5.1.5.6. Pharmaceutical comparability and equivalency

With respect to the demonstration of radiopharmaceutical comparability or equivalency of the drug product and the CRP, the sponsor should provide:

  • formulation comparability data;
  • specifications comparability data for the drug product;
  • manufacturing comparability data for the drug product;
  • stability and storage conditions data for the drug substance, drug product (cold kit), and final radiolabelled product;
  • packaging materials data, including vial and stoppers, for the drug substance, drug product (cold kit), and kit accessories such as radionuclide vial, buffer vial, saline vial, empty (reaction) vial, labels and syringes; and
  • animal biodistribution studies data that help characterize the physicochemical comparability between the drug and the CRP, including studies that may not be truly comparative with the CRP e.g., biodistribution characterization data in a corresponding USP monograph.

5.2. Non-clinical submission data

Although the focus of the ANDS is on physicochemical comparability, Health Canada may request non-clinical data supplementary to the ANDS requirements set out in the Food and Drug Regulations. In this case, the sponsor should provide supplementary approaches alternate to clinical information in order to support or validate claims of equivalence.

If the pharmacopoeial standard chosen for use includes an animal biodistribution element, the sponsor may cross-reference that pharmacopoeial standard with quality data components.

5.2.1. Pharmacology

5.2.1.1. Primary pharmacodynamics

This section exists for CTA and NDS only, and is not applicable to ANDS.

5.2.1.2. Secondary pharmacodynamics

This section exists for CTA and only, and is not applicable to ANDS.

5.2.1.3. Safety pharmacology

This section exists for CTA and NDS only, and is not applicable to ANDS.

5.2.2. Pharmacokinetics

This section exists for CTA and NDS only, and is not applicable to ANDS.

5.2.2.1. Analytical methods and validation

This section exists for CTA and NDS only, and is not applicable to ANDS.

5.2.2.2. Absorption, distribution, metabolism, excretion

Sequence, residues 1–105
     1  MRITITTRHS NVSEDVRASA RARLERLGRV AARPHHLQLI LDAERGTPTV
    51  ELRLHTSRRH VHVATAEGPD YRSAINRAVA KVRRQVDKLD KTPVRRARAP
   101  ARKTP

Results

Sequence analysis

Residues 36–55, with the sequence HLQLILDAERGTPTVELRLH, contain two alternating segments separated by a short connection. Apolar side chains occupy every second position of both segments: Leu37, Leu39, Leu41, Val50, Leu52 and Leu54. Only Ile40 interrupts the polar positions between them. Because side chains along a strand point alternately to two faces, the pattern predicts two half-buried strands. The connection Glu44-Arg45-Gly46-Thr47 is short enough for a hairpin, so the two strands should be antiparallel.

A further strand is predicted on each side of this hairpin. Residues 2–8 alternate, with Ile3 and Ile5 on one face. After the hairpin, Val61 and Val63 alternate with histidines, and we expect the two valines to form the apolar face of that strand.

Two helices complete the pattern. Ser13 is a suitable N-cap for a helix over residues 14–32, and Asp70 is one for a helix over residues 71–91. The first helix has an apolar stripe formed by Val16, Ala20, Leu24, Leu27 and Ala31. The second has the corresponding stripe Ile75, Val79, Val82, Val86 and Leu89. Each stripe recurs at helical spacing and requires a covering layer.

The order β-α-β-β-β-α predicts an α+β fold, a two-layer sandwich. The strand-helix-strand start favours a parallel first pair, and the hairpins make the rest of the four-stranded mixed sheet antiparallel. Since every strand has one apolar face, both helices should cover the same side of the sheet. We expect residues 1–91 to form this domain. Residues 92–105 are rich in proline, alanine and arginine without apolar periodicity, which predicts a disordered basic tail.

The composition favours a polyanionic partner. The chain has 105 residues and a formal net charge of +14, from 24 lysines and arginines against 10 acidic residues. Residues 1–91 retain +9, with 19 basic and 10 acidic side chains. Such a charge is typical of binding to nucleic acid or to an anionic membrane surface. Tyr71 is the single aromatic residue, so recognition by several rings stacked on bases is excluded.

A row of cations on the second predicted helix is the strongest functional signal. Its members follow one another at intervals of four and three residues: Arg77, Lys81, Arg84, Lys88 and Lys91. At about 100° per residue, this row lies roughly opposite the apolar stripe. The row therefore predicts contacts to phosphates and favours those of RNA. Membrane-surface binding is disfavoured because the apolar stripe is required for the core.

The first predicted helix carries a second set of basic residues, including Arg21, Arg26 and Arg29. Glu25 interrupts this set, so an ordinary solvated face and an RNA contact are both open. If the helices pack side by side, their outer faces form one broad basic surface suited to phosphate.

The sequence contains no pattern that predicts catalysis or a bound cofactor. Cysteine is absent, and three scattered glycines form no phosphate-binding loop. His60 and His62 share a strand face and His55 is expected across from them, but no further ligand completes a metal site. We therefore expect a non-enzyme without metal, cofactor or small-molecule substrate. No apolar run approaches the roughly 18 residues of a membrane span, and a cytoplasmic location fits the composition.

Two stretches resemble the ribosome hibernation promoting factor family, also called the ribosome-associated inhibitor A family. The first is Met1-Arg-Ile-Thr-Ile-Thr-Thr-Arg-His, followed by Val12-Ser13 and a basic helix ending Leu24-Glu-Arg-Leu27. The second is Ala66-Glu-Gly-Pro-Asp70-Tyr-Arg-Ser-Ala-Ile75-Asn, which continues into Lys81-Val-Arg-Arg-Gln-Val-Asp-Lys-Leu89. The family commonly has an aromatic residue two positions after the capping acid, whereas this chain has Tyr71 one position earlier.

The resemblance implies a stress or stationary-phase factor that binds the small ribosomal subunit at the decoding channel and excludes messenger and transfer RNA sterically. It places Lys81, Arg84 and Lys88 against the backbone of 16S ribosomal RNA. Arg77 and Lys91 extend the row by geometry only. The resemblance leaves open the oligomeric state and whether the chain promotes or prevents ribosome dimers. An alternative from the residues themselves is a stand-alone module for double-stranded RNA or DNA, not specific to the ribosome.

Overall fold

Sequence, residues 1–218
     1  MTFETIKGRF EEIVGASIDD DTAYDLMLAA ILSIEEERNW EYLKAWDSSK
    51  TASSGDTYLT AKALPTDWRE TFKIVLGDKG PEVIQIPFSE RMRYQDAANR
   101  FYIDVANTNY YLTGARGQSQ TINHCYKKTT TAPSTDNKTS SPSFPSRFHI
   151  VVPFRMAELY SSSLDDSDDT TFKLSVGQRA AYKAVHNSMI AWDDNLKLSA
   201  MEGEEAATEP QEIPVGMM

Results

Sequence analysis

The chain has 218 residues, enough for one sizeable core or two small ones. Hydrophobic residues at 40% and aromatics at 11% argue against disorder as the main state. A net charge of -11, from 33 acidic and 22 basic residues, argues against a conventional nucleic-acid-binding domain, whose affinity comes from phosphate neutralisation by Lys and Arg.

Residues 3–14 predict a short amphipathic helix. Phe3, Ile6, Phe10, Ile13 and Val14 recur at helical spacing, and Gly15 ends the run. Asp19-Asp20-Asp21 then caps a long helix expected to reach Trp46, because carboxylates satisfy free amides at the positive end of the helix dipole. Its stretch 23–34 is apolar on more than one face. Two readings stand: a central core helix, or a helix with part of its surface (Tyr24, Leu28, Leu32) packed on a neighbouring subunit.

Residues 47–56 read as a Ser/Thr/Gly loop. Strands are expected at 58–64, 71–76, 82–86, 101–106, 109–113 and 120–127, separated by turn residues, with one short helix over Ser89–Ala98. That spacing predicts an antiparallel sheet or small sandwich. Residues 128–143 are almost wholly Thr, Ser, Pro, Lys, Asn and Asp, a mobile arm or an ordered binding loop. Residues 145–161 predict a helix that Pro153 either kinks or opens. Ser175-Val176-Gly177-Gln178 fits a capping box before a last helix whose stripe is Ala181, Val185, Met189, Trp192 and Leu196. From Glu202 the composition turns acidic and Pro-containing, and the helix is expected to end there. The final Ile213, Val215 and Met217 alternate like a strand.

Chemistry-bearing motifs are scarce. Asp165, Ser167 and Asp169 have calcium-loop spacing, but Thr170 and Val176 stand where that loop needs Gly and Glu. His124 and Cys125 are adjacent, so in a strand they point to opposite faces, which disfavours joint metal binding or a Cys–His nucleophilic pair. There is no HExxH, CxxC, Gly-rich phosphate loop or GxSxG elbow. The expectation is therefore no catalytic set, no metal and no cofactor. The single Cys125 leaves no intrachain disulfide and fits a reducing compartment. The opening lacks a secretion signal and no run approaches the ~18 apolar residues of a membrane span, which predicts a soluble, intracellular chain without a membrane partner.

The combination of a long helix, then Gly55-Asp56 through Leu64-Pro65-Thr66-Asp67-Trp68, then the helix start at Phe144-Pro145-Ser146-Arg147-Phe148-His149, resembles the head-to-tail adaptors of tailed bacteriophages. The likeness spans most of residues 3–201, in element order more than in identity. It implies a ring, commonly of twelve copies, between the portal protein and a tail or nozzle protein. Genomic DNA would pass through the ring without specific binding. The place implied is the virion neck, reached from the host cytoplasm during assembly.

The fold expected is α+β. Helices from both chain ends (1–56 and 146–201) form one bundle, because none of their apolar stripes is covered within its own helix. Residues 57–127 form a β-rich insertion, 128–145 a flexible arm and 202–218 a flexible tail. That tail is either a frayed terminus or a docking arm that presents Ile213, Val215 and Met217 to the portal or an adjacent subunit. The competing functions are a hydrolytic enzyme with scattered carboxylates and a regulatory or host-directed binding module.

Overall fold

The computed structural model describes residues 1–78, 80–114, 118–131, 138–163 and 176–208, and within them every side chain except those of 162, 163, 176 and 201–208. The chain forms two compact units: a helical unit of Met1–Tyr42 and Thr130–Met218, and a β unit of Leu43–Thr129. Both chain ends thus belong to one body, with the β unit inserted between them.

This section exists for CTA and NDS only, and is not applicable to ANDS.

5.2.3. Radiation dosimetry

This section exists for CTA and NDS only, and is not applicable to ANDS.

5.2.3.1. Biodistribution, corroborating data, assumptions, and models

This section exists for CTA and NDS only, and is not applicable to ANDS.

5.2.3.2. Summary of radiation dose estimates

This section exists for CTA and NDS only, and is not applicable to ANDS.

5.2.3.3. Presentation of data

is section exists for Clinical CTA and Clinical NDS only, and is not applicable to ANDS.

5.2.4. Toxicology

This section exists for CTA and NDS only, and is not applicable to ANDS.

5.2.4.1. Single-dose acute toxicity studies

This section exists for CTA and NDS only, and is not applicable to ANDS.

5.2.4.2. Repeat-dose studies

This section exists for CTA and NDS only, and is not applicable to ANDS.

5.2.4.3. Genotoxicity and mutagenicity

This section exists for CTA and NDS only, and is not applicable to ANDS.

5.2.4.4. Carcinogenicity

This section exists for CTA and NDS only, and is not applicable to ANDS.

5.2.4.5. Reproductive and developmental toxicities

This section exists for CTA and NDS only, and is not applicable to ANDS.

5.2.4.6. Other information

This section exists for CTA and NDS only, and is not applicable to ANDS.

5.3. Clinical submission data

Although not required, supplementary clinical data can be used to validate claims of equivalence to a Canadian Reference Product (CRP), and to support the safety and effectiveness of the drug product in an ANDS submission.

Clinical submission data is outlined in this Guidance document based on the clinical use of the Schedule C drug.

There are 2 types of Schedule C drugs with respect to clinical submission data: diagnostics and therapeutics.